Homeland Security Program Overview

We exist to develop professionals who help ease human suffering, respond to emergencies, and increase global security. The active participation of our graduate students and or faculty with community partners is a primary focus of the HSEC Program. Therefore, the program has established a number of collaborative relationships with public, private, and non-profit sector partners on the international, federal, state, and local levels. These relationships are evident in both the classroom and through the HSEC Program’s research initiatives and they allow the homeland security graduate student to engage in a number of service-learning opportunities that make a real-world difference to the safety and security of people and communities around the world.

The HSEC Program provides an intellectually and professionally vibrant educational environment that welcomes students with a strong desire to engage in interdisciplinary study, critical thinking, and research. Our alumni are found in the public, private, and non-profit sectors in diverse career fields such as humanitarian assistance, the military, public health, public safety, science and technology, intelligence, emergency management and response, higher education, information decision systems, project management, journalism, public administration, and politics. Many continue to be an active part of the HSEC Program after graduation, providing networking and job opportunities for current students and over 1000 alumni working at hundreds of companies and careers.

The SDSU Graduate Program in Homeland Security provides a learning environment where scholarly, educational, and research endeavors are applied to real-world challenges.  HSEC Faculty strive to link classroom learning with real-world service opportunities.  All of our students experience an internship, work experience, or fellowship in diverse areas such as emergency response through the Red Cross Disaster Worker and Duty Officer assignments, summer work experiences in law enforcement or the intelligence community, or realize new pathways in already existing professional careers.  The SDSU HSEC MS program has proudly served in response to critical incidents and crises on the local, national, and global levels.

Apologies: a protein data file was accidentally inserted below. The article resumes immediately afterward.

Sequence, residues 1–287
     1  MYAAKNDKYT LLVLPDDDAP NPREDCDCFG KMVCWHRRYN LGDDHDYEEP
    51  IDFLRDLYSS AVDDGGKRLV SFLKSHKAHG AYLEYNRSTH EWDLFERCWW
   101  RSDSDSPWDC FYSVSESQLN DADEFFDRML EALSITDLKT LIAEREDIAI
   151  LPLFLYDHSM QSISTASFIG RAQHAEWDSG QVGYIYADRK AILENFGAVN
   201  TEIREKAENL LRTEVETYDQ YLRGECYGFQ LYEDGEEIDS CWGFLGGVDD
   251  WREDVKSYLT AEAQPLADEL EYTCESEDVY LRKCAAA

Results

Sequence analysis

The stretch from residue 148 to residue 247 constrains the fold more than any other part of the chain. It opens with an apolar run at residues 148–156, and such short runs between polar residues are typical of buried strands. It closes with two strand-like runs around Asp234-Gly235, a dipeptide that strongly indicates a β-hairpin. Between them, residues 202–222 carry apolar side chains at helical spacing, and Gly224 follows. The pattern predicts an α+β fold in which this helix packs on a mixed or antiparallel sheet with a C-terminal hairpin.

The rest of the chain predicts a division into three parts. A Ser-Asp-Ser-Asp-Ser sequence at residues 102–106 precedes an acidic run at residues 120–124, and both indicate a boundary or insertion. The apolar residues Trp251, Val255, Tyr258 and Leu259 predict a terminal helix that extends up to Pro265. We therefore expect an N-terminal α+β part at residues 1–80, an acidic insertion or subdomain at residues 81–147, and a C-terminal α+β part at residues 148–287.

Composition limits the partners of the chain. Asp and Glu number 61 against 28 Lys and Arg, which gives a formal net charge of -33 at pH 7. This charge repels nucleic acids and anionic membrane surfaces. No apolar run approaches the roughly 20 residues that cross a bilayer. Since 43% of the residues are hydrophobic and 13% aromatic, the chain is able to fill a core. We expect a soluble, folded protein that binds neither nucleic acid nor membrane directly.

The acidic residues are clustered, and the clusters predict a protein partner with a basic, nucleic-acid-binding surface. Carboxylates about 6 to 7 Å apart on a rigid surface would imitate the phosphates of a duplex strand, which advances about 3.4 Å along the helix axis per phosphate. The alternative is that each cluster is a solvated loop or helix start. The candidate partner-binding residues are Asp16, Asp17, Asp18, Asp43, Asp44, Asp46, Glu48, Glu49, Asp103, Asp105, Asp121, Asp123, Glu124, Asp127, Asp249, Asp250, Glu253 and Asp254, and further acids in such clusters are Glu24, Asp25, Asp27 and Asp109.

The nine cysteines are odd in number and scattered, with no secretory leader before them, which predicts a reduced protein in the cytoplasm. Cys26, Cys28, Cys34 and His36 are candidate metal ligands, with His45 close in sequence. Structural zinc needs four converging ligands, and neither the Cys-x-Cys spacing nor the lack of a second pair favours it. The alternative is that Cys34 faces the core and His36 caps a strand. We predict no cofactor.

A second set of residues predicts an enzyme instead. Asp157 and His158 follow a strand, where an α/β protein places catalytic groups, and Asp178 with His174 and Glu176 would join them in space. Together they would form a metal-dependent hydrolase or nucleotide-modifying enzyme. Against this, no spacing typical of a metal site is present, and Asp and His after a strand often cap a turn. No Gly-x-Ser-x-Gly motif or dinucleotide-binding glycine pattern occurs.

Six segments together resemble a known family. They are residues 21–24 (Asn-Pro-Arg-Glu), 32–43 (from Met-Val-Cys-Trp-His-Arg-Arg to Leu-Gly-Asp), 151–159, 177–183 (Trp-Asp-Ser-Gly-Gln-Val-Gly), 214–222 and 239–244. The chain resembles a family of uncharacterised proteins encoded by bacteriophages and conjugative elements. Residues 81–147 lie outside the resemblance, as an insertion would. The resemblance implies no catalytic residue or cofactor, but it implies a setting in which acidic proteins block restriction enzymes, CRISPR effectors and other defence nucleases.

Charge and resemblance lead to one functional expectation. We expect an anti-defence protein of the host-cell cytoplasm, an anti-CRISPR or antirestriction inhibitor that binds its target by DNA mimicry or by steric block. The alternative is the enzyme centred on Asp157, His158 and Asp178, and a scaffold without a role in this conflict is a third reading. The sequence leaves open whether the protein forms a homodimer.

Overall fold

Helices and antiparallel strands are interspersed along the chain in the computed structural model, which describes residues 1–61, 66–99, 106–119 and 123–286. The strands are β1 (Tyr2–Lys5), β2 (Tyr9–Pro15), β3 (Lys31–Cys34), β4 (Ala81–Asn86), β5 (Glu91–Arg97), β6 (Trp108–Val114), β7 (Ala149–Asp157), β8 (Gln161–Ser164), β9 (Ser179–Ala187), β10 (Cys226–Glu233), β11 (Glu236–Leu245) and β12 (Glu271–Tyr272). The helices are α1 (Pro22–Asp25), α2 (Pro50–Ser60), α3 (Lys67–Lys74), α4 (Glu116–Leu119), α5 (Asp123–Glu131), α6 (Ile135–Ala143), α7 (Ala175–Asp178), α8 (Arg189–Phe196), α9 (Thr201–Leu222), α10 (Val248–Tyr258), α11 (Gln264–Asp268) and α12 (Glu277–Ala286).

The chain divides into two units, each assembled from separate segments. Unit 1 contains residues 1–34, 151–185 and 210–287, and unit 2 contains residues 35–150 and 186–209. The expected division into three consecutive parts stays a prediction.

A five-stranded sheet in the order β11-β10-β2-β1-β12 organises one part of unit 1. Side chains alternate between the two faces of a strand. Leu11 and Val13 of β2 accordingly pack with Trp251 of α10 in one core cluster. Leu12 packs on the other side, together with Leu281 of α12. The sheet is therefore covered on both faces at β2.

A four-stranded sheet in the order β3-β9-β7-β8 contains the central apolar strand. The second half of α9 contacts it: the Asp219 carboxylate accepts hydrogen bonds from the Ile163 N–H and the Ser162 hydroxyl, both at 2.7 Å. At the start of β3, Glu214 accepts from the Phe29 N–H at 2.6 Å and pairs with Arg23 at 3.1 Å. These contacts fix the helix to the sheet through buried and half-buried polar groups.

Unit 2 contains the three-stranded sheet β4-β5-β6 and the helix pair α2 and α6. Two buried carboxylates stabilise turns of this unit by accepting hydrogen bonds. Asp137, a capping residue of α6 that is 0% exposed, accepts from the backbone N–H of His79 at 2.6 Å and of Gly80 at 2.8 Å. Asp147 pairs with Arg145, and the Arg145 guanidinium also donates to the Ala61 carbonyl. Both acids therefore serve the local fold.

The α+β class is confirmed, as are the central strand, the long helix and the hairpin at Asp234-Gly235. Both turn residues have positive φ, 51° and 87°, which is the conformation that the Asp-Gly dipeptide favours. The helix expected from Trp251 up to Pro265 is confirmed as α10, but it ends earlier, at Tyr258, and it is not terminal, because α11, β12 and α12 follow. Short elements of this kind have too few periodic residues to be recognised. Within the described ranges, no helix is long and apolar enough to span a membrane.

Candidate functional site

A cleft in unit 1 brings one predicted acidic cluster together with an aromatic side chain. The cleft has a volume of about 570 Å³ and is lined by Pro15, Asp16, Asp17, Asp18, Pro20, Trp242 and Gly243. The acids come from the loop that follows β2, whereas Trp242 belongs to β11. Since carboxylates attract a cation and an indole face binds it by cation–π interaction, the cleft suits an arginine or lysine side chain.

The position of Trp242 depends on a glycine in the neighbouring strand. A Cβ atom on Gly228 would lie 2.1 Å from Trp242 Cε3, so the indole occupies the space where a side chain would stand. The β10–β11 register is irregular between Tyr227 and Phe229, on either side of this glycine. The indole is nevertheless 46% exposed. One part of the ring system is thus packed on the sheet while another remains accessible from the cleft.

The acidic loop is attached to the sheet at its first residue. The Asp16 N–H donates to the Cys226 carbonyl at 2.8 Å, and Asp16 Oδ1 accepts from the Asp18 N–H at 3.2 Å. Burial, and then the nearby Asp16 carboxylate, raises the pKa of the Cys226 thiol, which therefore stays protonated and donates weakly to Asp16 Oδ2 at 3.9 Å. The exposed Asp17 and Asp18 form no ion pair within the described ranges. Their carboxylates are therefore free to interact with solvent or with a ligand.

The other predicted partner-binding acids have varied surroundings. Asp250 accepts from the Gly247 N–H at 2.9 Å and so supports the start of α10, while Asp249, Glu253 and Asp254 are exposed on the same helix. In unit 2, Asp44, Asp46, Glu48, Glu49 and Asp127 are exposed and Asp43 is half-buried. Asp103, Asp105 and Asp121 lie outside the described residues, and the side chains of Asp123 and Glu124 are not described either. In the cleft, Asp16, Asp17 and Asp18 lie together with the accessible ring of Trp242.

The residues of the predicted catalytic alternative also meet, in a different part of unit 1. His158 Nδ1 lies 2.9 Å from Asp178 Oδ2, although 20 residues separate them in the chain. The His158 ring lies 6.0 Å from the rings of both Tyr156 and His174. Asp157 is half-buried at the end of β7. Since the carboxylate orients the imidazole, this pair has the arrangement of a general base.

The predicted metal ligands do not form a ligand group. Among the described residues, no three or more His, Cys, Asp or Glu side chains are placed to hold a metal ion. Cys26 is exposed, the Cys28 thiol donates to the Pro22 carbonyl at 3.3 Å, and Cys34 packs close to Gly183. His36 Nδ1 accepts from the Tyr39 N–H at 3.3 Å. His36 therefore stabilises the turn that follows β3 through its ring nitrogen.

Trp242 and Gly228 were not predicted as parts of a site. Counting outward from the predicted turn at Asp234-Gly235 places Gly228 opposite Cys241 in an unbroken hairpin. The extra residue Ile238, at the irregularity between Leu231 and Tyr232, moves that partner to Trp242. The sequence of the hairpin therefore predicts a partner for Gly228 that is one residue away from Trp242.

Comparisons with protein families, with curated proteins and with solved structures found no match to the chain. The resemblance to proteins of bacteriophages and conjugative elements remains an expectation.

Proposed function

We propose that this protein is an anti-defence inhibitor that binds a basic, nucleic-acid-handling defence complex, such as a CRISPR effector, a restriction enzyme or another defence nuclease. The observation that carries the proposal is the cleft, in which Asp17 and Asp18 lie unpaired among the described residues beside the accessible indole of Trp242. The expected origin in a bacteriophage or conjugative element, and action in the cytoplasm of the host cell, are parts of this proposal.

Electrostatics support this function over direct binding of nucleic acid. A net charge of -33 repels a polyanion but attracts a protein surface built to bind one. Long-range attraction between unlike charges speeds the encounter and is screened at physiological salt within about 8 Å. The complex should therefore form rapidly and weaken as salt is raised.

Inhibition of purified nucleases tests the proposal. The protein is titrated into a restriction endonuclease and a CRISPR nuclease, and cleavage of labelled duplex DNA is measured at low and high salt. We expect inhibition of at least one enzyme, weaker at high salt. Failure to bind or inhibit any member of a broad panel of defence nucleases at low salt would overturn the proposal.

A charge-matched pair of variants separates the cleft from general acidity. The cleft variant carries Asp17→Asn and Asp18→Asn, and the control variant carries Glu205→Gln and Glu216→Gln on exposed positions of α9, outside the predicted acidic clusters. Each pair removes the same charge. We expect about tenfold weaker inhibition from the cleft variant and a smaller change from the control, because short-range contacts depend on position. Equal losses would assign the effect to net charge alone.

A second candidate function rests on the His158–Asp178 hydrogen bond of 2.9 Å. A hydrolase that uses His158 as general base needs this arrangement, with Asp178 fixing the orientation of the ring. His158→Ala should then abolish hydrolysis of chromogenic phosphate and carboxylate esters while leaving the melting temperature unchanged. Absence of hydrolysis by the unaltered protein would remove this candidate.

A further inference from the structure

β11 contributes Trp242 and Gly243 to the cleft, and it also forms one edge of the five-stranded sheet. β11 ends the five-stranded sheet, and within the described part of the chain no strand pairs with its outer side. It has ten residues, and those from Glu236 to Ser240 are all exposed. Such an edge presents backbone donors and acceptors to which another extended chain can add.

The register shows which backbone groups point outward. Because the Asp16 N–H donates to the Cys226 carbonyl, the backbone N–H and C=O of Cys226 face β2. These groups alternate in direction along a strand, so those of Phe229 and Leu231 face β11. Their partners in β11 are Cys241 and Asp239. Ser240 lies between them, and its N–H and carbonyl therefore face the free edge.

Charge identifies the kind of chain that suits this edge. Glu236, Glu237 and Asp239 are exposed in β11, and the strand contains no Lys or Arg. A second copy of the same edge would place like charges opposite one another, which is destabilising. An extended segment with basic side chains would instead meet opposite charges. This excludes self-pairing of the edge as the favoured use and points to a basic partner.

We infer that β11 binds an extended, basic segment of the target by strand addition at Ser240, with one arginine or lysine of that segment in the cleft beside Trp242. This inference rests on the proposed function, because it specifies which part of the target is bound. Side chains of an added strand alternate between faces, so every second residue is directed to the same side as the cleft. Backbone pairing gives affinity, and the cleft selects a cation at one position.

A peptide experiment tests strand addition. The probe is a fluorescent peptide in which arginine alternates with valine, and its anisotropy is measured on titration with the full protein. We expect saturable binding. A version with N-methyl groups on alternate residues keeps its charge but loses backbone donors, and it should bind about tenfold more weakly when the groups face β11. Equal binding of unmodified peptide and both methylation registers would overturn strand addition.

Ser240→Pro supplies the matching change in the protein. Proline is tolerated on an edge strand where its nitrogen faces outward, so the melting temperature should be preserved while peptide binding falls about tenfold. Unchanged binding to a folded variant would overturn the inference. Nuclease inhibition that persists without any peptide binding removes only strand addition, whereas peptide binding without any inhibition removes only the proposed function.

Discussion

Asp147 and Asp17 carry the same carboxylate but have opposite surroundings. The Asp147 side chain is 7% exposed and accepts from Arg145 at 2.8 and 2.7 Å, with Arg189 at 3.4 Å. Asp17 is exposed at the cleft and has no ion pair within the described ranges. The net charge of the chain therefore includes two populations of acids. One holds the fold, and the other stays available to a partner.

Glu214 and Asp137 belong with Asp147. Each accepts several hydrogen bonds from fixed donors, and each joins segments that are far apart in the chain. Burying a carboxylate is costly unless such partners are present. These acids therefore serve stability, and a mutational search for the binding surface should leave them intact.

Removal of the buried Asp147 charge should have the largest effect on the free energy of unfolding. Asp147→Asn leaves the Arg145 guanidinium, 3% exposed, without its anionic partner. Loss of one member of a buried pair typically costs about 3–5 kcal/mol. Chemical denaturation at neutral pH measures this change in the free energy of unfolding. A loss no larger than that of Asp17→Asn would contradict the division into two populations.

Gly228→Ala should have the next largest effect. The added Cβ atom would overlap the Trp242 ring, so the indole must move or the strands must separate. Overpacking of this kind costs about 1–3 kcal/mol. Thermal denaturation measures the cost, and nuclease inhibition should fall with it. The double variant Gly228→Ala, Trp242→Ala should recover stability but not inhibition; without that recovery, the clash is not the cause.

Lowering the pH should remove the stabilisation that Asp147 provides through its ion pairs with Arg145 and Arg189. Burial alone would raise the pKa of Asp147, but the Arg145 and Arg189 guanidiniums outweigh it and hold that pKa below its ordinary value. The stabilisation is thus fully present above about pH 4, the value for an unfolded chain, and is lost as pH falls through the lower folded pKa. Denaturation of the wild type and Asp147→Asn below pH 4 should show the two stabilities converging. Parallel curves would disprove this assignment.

The best part of our program is the body of people involved.  This program is part of a vast global network which seeks to eliminate threats to human well-being and safety by not only stopping terrorist and organized crime networks, but also by working to improve the daily living conditions and opportunities of all human beings, locally, and globally.  We invite you to explore our program, our process, and our people.

Imperial Valley Campus

With the launch of the Homeland Security program at SDSU Imperial Valley (HSEC-IV) in Fall 2021, opportunities to reach homeland security professionals in the border region of Imperial County now exist, as well as the prospect to conduct research on vital sustainability issues unique to the region. HSEC-IV students will have the exclusive experience of entering a cohort together and following the same course sequence at the Imperial Valley campus over a 2½-year schedule (2 Fall, 2 Spring, and 2 Summer semesters) with Summer semesters dedicated exclusively for the Study Abroad and Practicum (internship) required courses. The first HSEC-IV cohort is now complete and begins in Fall 2021 with the completion of the course sequence by Summer 2023. Subsequent HSEC-IV cohorts will begin once the previous cohort has successfully completed (every two years). The next available HSEC-IV cohort will begin in Fall 2023.

Listen as SDSU HSEC Co-Director, Dr. Larson, gives an overview of the SDSU M.S. Homeland Security Program as part of an effort to encourage K-12 students to pursue a career in this field. In this video, he presents the specialized tools and skills that students walk out with and bring to the professional workforce after completing this unique graduate program. Then, listen as three current HSEC students follow-up by giving their perspective of the M.S. Homeland Security program and sharing what they have learned from the program, as well as how they plan to utilize their degree upon graduation.



According to the Bureau of Labor Statistics, there is a 37% projected job growth from 2012 to 2022 for information security professions. The SDSU M.S. in Homeland Security program enriches graduate students’ knowledge in cybersecurity through two exciting and engaging courses: Cyber Warfare & Terrorism (Fall), and Cyber Crime & Industrial Security (Spring).

These courses are fundamental in preparing those interested in the field of Cyber Security to play vital roles in protecting the integrity of computer systems and critical infrastructure from adversaries. K-12 students were educated on how they can play a vital role in information security by pursuing their education at SDSU HSEC M.S. program.